It’s actually rather simple. My wife back then was fully in her world of work. It was a world that I was not a part of, even as my work world was separate from her. And that fact—that she gained such satisfaction and grew so much from a world completely apart from me—triggered shame. It meant I could not provide all she needed, and to the male in me, there was only one conclusion: It meant I was weak. It meant I was unworthy. Years of feeling this unworthiness melted my insides. I did not know how to talk about it. I did not know what was happening. I could not reality check. I could not recover. What I did was withdraw into my work, into my skating. Hide. My wife would reach out, and I would step back. The result was mutual desperation.

I just didn’t have the awareness and the reality checking skills! I do now. I’ve earned them the hard way. And I am telling this story despite the fact that I might very well have committed the grave sin of pastoral oversharing—of pastoral TMI—but I risk this because I want to demonstrate in my own life yet another way to practice the First Principle: tell your shame stories to people who love you and you trust them. Tell your stories to people who will respond—not with criticism or condescension, not with armchair quarterbacking—but by telling their stories, by being human with you. What happens is the building of empathic connection. Shame can’t survive shared empathy. It just can’t.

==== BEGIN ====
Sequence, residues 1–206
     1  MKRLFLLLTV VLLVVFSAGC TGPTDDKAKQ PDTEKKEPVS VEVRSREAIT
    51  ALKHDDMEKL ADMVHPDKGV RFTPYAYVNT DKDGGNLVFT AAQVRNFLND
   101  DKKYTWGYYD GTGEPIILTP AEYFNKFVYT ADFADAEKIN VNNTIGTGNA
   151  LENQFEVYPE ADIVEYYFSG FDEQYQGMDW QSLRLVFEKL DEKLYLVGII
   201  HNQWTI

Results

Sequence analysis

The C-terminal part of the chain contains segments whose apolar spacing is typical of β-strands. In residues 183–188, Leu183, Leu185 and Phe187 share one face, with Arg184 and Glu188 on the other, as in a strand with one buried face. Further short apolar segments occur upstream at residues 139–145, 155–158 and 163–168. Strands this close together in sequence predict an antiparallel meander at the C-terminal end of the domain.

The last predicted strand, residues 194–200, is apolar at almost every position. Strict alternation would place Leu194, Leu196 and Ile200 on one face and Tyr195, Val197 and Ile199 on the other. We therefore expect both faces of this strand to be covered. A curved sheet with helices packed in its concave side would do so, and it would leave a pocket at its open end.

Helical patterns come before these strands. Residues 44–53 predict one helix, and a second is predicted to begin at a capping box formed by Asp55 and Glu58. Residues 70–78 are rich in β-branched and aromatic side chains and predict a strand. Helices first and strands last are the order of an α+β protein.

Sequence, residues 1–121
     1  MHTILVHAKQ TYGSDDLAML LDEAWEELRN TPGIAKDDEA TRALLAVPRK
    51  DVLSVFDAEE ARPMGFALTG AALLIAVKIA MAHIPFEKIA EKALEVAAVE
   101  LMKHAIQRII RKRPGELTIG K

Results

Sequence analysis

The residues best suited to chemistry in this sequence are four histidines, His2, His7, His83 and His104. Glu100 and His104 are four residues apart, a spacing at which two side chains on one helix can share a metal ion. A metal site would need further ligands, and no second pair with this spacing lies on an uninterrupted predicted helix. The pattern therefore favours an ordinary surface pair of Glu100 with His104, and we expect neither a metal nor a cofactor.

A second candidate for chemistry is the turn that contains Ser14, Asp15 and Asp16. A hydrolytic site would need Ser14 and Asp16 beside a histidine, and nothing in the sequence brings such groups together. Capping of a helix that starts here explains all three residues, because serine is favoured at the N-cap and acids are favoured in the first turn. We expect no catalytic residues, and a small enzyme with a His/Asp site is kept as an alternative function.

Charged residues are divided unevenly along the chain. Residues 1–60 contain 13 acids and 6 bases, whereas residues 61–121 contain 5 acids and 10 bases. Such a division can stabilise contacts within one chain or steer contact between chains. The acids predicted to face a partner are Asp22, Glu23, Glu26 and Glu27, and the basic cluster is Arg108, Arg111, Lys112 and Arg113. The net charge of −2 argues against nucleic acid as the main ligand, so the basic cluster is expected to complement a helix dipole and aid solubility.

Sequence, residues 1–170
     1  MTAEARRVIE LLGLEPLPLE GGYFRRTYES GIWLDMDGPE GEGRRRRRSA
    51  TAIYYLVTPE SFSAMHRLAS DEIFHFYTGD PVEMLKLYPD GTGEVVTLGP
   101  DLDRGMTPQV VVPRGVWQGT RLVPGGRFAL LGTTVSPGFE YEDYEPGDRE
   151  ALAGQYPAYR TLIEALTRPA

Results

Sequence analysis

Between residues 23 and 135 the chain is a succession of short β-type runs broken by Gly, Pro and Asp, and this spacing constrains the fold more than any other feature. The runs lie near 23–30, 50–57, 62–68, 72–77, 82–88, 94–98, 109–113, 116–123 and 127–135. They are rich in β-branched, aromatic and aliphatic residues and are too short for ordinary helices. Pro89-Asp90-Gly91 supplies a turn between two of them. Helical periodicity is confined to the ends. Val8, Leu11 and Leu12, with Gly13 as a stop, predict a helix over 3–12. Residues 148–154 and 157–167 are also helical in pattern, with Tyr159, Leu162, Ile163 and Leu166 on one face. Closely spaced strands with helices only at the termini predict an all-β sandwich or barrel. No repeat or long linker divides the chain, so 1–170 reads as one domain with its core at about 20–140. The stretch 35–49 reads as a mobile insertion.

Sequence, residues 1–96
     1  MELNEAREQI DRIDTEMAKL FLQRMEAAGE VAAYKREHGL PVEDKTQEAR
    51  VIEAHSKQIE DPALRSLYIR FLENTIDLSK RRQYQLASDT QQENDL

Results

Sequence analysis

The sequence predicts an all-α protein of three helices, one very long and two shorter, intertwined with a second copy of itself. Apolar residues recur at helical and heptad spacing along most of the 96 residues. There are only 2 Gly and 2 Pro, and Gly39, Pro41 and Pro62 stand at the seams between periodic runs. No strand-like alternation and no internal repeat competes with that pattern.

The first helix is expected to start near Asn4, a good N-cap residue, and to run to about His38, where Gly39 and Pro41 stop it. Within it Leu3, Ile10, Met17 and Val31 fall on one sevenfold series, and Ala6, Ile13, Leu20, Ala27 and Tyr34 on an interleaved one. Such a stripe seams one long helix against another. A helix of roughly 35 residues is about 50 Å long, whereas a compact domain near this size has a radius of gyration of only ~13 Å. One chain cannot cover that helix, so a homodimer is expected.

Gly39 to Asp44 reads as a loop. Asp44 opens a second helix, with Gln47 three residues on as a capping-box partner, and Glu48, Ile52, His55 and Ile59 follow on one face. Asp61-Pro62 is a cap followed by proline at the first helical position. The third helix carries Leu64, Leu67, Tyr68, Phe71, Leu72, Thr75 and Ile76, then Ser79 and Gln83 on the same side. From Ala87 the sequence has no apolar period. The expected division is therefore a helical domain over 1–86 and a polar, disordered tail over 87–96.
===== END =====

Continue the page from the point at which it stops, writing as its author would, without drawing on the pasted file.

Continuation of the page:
I am asking you to love me in my shame and love eachother in your shame. Love.

Do it because you are Unitarian Universalist.

“We cultivate love,” says Brene Brown, “when we allow our most vulnerable and powerful selves to be deeply seen and known, and when we honor the spiritual connection that grows from that offering with trust, respect, kindness and affection. Love is not something we give or get; it is something that we nurture and grow, a connection that can only be cultivated between two people when it exists within each one of them – we can only love others as much as we love ourselves.”

I really do need you to survive, and you need that from me.

We really can be a part of one body.

Practice the First Principle, and it really can be so.